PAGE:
image file: d0sm01658f-f4.tif
Fig. 4 Change in the HPLC profiles during the modification reaction (eluent: acetonitrile/water, 45/55, v/v; flow rate: 1.0 mL min−1, UV detector).

To summarize the HPLC characterization: we revealed that (1) peak separation of PEGs based on their functionality and molar mass can be achieved under appropriate conditions; (2) the driving force of peak separation, i.e., the interaction between the N-aryl MA groups at the termini and the C18 column, increases with increasing ratio of termini in the polymer, i.e., with smaller molar mass or higher functionality; (3) the peaks become broader with increasing number of N-aryl MA moieties at the polymer termini; (4) the peaks are too broad in eluents with more than 60% water in acetonitrile. We concluded that elution using a 45/55 (v/v) mixture of acetonitrile/water was the best conditions to separate the PEGs modified by PMPI. We also succeeded quantification of polymers with different N-aryl maleimide numbers from the area ratio of peaks at RI detector of HPLC (Fig. S17, S19, S21, S23 and S25, ESI). Although MALDI-TOF MS allowed the functionality of the polymers to be analyzed, it was not applicable to polymers with high molecular weight (>∼10[thin space (1/6-em)]000) due to difficulties associated with ionization. Therefore, characterization of tetrafunctionalized PEG using this HPLC method represents an effective way to accurately characterize their functionality distribution. This result also demonstrated unambiguously the full conversion and high purity of the N-aryl MA TetraPEG synthesized from hydroxy-terminated TetraPEG using the one-pot reaction.

Fabrication of TetraPEG gels from N-aryl MA-based precursors

We fabricated several TetraPEG gels via Michael reaction between the obtained N-aryl MA TetraPEGs (Mn = 20[thin space (1/6-em)]000) and SH TetraPEGs in water. The reaction was also conducted using commercially available N-alkyl MA TetraPEGs instead of N-aryl MA TetraPEG as a control. We used the evolution of the shear moduli to monitor the viscoelastic properties of the samples during the gelation process. The gelation point (tgel) was determined from the crossover time of the storage modulus G′ and the loss modulus G′′ in the rheological curves (Fig. 5). The G′ value after gelation using N-aryl MA TetraPEG roughly matched that of N-alkyl MA TetraPEG, indicating high conversion of the MA terminals of the modified TetraPEG and the near-ideal network structure of the obtained gel. Surprisingly, when N-aryl MA was used, the tgel occurred much earlier than when N-alkyl MA was used, indicating a higher reactivity of N-aryl MA PEG compared to that of N-alkyl MA PEG. In our previous work,42 we found the reactivity of phenyl maleimide terminated PEG toward thiol molecule was as same as that of alkyl maleimide terminated PEG in chloroform with triethylamine as a base catalyst. To our best knowledges, this is first case that a difference in the reactivity of phenyl and alkyl N-substituted maleimide in water has been observed. As shown in Table S1 (ESI), the pH dependence of the gelation process was also examined for the range pH = 3.0–3.6. We succeeded in changing the gelation time, i.e., the gelation time could be controlled by adjusting the pH value of the reaction system. These features of N-aryl MA TetraPEGs are expected to be useful in various fields.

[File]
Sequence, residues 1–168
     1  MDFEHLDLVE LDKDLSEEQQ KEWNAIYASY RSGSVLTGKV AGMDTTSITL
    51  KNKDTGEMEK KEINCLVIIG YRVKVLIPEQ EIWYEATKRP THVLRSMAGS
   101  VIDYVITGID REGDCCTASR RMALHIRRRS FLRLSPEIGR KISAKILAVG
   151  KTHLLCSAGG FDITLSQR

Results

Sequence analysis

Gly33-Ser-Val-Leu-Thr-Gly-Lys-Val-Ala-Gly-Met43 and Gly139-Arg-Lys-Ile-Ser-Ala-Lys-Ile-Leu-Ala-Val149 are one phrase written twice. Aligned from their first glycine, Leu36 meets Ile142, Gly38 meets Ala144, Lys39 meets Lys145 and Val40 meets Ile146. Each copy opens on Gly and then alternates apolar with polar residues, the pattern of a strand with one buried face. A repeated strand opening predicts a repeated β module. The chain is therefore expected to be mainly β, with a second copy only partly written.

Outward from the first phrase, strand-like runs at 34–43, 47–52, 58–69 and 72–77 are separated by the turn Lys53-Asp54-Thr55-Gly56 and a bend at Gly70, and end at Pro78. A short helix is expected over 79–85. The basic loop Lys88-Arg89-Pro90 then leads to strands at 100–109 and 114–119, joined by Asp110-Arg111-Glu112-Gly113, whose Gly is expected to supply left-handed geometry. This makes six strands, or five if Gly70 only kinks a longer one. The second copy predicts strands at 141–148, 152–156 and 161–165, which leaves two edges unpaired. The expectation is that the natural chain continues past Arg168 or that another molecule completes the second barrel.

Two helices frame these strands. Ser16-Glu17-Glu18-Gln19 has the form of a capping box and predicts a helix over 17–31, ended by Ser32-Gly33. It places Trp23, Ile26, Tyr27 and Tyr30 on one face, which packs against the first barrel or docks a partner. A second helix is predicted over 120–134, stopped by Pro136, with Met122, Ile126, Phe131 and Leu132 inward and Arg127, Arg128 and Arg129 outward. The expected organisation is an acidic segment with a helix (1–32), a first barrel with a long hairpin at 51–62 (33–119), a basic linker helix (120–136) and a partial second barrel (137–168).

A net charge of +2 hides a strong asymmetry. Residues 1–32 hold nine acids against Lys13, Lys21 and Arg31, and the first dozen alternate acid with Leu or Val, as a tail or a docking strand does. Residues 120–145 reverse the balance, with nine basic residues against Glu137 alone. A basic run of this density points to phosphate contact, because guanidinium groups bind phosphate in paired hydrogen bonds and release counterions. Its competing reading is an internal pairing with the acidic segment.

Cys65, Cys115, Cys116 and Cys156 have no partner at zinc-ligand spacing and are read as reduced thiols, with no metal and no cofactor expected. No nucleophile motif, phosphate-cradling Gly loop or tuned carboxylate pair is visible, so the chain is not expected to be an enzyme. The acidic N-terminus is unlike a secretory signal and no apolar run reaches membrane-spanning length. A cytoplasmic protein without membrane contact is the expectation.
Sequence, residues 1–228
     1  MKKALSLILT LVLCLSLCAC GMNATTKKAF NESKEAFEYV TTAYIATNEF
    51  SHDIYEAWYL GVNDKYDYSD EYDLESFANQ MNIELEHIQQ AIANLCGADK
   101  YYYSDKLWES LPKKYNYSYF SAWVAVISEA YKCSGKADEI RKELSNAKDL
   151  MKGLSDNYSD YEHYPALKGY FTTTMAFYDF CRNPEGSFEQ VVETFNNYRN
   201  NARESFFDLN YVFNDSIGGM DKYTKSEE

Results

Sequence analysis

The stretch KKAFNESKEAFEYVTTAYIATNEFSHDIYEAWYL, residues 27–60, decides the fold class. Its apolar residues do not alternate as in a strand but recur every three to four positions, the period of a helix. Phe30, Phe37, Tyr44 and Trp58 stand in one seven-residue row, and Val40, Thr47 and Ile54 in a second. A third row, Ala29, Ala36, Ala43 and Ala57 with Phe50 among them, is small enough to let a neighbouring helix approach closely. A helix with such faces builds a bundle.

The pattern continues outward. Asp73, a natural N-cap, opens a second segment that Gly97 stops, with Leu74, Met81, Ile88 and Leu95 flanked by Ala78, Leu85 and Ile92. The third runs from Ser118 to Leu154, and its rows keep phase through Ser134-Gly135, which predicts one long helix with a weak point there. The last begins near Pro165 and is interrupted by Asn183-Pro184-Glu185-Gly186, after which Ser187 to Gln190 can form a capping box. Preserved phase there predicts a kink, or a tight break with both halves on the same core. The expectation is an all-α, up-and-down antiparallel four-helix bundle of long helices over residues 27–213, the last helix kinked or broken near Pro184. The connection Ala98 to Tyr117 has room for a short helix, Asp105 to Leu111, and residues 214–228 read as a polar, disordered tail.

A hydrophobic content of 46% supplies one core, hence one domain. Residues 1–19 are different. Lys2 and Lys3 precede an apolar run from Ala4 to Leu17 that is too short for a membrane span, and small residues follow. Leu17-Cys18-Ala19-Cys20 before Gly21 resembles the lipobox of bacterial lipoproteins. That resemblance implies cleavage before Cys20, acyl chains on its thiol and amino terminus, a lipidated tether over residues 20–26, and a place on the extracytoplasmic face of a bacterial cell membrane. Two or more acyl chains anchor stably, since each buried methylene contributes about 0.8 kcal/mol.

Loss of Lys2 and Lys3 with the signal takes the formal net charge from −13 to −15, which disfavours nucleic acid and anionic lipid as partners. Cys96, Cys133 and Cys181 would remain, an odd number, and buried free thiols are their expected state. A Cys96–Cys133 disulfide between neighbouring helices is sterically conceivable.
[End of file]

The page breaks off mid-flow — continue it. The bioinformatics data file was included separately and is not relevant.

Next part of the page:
image file: d0sm01658f-f5.tif
Fig. 5 Viscoelastic properties of the gel samples (red and green: N-aryl MA; blue and yellow: N-alkyl MA) during the gelation process (6 wt% in a buffer; pH = 3.0 and pH = 3.6).

The gelation behavior was also monitored using UV-vis spectroscopy. Unlike N-alkyl MA, N-aryl MA exhibits absorption in the visible light range, which originates from its fused benzene ring (Fig. S29, ESI). When thiol compounds were added to the N-aryl MA structure, it changed from light yellow to colorless. This enabled us to check the reaction progress with the naked eye. Furthermore, we monitored the gelation using the UV absorption at λ = 340 nm. As shown in Fig. 6, the UV absorbance decreased as the gelation proceeded. This result was also in agreement with the results shown in Table S1 (ESI).


image file: d0sm01658f-f6.tif
Fig. 6 (a) Change in the UV-vis absorption at 340 nm during the gelation reaction (red: pH = 3.6; green: pH = 3.0). (b) UV-vis spectra before and after the gelation experiment.

Conclusions

In conclusion, we have demonstrated the synthesis of tetra-arm polymers with N-phenylmaleimide moieties at the polymer ends (Tetra-N-aryl MA PEG) via maleimidation with p-maleimidophenyl isocyanate (PMPI), and the easy characterization of their functionality independent of their molar mass using HPLC. The characterization of maleimide-functionalized PEGs with HPLC should be useful not only to determine their conversion and purity, but also to quantify the ratio of functionalized PEGs. These characteristics make guideline for N-aryl MA-functionalized PEGs, since ‘PEGylation’ has been widely used in various fields. Preparative columns with C18 are widely used for mass production in organic chemistry; thus, the present research could be applied to obtain functionalized PEGs with the desired functionality in large scale. The successful fabrication of TetraPEG gels using the N-aryl MA-based precursor proved the usefulness of the AB-type coupling reactions for the further development of functional molecules, soft materials, and other functional materials based on the uniform network structure concept. We believe that the present report will help researchers in various fields to develop functional soft materials, considering that this maleimidation process is very simple and the maleimidation reagent PMPI can be synthesized without tedious purification procedures. Thus, the AB-type coupling reaction of N-aryl MA and SH groups should facilitate the industrial production of tough materials based on the uniform network structure concept.